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Amazing Tomatillos! YouCanGrowThat!

This year for the first time we are growing tomatillos at Sow and So. We are big fans of Mexican cuisine and I have been eagerly anticipating making my own salsa verde.

Green Fruits

Tomatillo 1Tomatillos (Physalis Philadelphica) are part of the nightshade family, bearing small round green fruits which are surrounded by an inedible paper-like husk. The husk opens up when the fruit matures. The fruits remain green or purple-green when ripe and they should be firm when picked. They have a tart flavor due to their high pectin content.

As with a lot of sun-loving plants such as tomatoes, chilli peppers and capsicum, tomatillos need at least 20ºC/68ºF to germinate. If you don’t already have a heated propagator then I highly recommend you get one. Sow seeds in February and March and plant out in April and May.

Pollinating Tomatillos

Tomatillo 3It is very important to grow at least two or more tomatillos together to ensure pollination – an isolated tomatillo will rarely set fruit. I have planted mine in pots in the conservatory, helping pollination by brushing my finger from flower to flower (we don’t get a lot of pollinators indoors!).

As I mentioned, tomatillos are used in a variety of  Latin American green sauces but they are also great as a replacement for green tomatoes in chutneys or stews. My tomatillos are still at the flowering stage so I can’t show you any photos of prepared dishes but I did find a few really nice recipes for you to see the value in growing them yourself. For those of us living in a temperate climate it’s probably too late to sow your Tomatillos right now but bear them in mind when you are ordering your seeds for next season…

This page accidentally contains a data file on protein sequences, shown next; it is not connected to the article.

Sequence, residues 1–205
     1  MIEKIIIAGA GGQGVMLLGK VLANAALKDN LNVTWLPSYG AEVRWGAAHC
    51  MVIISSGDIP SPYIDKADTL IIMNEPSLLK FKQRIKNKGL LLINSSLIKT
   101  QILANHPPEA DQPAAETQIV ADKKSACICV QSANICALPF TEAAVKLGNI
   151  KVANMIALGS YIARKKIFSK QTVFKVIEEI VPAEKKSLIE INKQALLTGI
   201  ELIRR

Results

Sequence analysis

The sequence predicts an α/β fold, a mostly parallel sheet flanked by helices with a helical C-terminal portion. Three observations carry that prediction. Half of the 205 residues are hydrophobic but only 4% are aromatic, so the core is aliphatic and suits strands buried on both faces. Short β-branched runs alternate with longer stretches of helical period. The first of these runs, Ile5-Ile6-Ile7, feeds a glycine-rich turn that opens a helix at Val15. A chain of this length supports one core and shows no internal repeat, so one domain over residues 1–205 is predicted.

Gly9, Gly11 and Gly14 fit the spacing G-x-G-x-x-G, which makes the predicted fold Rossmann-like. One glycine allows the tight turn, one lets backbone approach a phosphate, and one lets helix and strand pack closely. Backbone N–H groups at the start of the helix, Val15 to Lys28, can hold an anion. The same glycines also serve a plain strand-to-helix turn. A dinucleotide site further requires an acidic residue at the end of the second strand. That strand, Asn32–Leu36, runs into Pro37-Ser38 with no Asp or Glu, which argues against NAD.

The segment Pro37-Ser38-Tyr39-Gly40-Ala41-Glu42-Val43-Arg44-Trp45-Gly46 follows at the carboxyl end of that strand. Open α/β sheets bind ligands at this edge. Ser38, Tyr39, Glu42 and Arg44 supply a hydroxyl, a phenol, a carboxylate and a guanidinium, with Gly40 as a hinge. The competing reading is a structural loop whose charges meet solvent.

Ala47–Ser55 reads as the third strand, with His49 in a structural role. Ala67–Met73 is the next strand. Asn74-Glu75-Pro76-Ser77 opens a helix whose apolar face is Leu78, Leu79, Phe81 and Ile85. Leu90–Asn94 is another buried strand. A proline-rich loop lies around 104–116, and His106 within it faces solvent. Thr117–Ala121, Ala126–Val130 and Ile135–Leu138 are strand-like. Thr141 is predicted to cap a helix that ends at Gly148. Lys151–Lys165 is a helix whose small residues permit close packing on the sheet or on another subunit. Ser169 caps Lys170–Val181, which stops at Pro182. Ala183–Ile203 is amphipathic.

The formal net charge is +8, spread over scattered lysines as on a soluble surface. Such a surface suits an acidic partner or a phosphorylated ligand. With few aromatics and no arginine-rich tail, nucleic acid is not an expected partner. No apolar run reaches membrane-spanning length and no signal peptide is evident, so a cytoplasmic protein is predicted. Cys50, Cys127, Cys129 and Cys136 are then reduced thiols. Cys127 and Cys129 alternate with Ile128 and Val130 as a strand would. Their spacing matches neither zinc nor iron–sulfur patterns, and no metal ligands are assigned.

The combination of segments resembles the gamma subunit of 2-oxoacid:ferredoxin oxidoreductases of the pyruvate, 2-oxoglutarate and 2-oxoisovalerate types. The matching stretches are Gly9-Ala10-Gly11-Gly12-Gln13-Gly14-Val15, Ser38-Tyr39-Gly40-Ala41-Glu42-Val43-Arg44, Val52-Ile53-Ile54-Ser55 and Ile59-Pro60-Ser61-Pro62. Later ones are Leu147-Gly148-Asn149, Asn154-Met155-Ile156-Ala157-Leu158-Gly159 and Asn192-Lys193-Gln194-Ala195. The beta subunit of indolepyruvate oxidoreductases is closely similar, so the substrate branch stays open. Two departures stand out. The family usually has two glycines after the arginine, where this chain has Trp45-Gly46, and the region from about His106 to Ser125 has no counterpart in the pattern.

Recipes:

Salsa Verde

Tomatillo Chicken Stew

Tomatillo Chutney

 

9 thoughts on “Amazing Tomatillos! YouCanGrowThat!

  1. I love these blossoms. I have already got this down as one of the plants I will try next year.

    1. I didn’t know they had these lovely little flowers and that they would look more like a sweet pepper plant than a tomato. It really is a nice plant to look at. Just to be sure I bought a small paintbrush to pollinate the flowers. As soon as the fruits are setting then I will post some photo’s!

  2. There are some cool varieties in purple and pineapple, too. Now that my electrical raccoon fencing seems to be keeping the rats out, I’ll be growing tomatillos again. (The rats loved them so much they never left me even one piece of fruit! I guess one of them must have been a master at making salsa.)

    1. I have a vision of the rat from ratatouille in my mind now Jane, but then with a mexican sombrero!!

  3. Tomatillos! They are a wonderful plant and fruit. Two years ago, I mixed peppers and

  4. Tomatillos are so much fun to grow and eat. They need space because when they’re happy, they grow big! Two years ago I mixed peppers and tomatillos in a row, and had to move the peppers after a month to get out from under the tomatillos. Last year a volunteer tomatillo appeared in a different bed altogether and gave us fruit. Thank you for this post!

    1. Hi Benita, Thanks for your comment, I always like surprise plants coming up and if they are doing great than it is even better!

  5. Great post. This is the first year I started Tomatillos (Purple) from seed.
    They are growing in our raised beds and just beginning to bloom. Currently – battling harsh Colorado Front Range winds – we hope they make it. I can not wait to try these recipes with our harvest this summer.
    Thanks for sharing!

    1. I am growing two tomatillo’s outside as well but we with the weather we have been having (cold, rain and wind) I am not sure they will survive. The ones inside are doing a lot better. Let me know if your tomatillo’s will survive, would love to see some photo’s when they are setting fruit. (laila@sowandso.com) I am glad you liked the post!

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